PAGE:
The Class of 2018 began its studies at the UNC School of Medicine earlier this month. The class of 180 doctors-to-be is 48 percent female. That’s a far cry from 100 years ago, when Cora Corpening became UNC-CH’s first female med student. According to Gladys Hall Coates’ Seventy-fifth anniversary of the coming of women to the University of North Carolina, the student body voted against admitting her to the school. But Corpening attended classes anyway. And after about a month, she was formally admitted. According to a profile of the Corpening family in the July 17, 1940 edition of The Robesonian, Corpening finished the two-year program at UNC in  spring of 1916 and then completed her medical studies at Tulane University, where she was one of the top students.  “After completing her medical course, she located at Suffolk, Va. and did the work formerly done by eight physicians during World war times,” The Robesonian reported. After serving at Lakeview Hospital in Suffolk, Corpening moved to Virginia Beach, where she worked in private practice. She died in 1984.

The Tar Heel, October 1, 1914

The Tar Heel, October 1, 1914

“Asheville’s first drive-in was Buck’s Restaurant, founded by John ‘Buck’ Buchanan in 1946….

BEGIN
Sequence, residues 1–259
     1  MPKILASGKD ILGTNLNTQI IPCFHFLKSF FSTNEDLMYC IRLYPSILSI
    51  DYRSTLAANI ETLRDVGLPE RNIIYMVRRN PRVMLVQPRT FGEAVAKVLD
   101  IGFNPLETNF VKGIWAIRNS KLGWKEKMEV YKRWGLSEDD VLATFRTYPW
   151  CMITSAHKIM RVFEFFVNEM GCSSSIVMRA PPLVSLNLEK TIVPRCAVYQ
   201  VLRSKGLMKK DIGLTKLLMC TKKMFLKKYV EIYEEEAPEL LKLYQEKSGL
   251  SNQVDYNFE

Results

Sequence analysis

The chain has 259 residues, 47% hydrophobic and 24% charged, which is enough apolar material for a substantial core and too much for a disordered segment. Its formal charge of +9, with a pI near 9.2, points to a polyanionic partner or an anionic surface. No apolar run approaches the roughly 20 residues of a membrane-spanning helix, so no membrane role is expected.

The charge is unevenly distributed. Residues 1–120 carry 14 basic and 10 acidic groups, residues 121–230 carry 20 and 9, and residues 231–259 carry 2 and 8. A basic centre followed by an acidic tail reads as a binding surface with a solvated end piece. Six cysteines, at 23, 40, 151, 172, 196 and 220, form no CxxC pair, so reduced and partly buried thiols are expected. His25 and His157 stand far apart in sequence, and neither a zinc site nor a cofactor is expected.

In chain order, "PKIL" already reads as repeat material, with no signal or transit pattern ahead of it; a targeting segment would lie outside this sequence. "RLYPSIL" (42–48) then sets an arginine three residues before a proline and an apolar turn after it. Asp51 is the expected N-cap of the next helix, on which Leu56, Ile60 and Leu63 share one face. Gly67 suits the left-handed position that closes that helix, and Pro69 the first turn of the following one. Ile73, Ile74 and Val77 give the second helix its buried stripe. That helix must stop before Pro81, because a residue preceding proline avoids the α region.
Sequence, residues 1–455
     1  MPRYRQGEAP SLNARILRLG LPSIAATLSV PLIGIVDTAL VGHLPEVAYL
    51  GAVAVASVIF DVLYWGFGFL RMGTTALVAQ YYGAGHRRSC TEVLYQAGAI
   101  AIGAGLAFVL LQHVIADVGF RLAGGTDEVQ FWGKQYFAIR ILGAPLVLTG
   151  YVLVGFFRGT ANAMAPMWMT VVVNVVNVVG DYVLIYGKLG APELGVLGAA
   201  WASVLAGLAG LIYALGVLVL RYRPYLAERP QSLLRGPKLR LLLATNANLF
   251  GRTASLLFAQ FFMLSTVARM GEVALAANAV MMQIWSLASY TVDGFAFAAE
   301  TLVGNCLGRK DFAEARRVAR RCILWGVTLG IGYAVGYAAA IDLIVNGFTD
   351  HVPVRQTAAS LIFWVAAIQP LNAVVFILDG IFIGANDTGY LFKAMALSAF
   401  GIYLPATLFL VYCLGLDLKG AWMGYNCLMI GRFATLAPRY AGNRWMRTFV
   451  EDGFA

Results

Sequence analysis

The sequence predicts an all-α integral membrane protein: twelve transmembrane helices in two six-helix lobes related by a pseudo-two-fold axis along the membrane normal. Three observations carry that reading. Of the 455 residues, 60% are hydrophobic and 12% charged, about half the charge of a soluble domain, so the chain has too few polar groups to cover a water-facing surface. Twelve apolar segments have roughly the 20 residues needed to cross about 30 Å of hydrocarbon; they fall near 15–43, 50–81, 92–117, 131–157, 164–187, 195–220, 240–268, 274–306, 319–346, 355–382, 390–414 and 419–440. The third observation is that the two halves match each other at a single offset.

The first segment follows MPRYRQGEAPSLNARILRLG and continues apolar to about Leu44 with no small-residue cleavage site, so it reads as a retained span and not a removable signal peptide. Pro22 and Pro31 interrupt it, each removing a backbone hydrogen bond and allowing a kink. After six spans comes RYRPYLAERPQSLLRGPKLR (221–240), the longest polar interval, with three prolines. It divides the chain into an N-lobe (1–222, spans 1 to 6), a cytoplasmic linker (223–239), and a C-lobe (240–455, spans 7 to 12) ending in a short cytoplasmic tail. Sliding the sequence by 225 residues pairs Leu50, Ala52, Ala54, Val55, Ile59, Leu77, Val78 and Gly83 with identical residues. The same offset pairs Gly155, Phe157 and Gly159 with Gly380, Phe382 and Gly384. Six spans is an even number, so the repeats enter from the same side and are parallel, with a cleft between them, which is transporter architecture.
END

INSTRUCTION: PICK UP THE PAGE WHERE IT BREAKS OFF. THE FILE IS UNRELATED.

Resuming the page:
“The next drive-in to come to Tunnel Road was Wink’s, which had a radio tower and disk jockey perched on the roof during peak cruising hours. The DJ, writes [Rick McDaniel, author of  Asheville Food: A History of High Country Cuisine], ‘would lower a peach basket on a rope down to would-be Romeos, who would send up their requests for songs to be dedicated over the air to their sweeties below’….

“On the other side of the Tunnel was the third drive-in, Babe Malloy’s. ‘The Big Three’ created somewhat of a ‘cruising circuit,’ said McDaniel. ‘All the kids made a loop around the three to see who was at which one.

” ‘The Big Three lasted from the 1950s to about 1975. Back then, you didn’t have a McDonald’s every 5 feet…. Eventually all of the fast food places started popping up, and it drove the traditional drive-ins out of business because of advertising — kids wanted to eat what they saw on TV.”

– From “The history of the Asheville burger” by Mackensy Lunsford in the Asheville Citizen-Times (Aug. 7)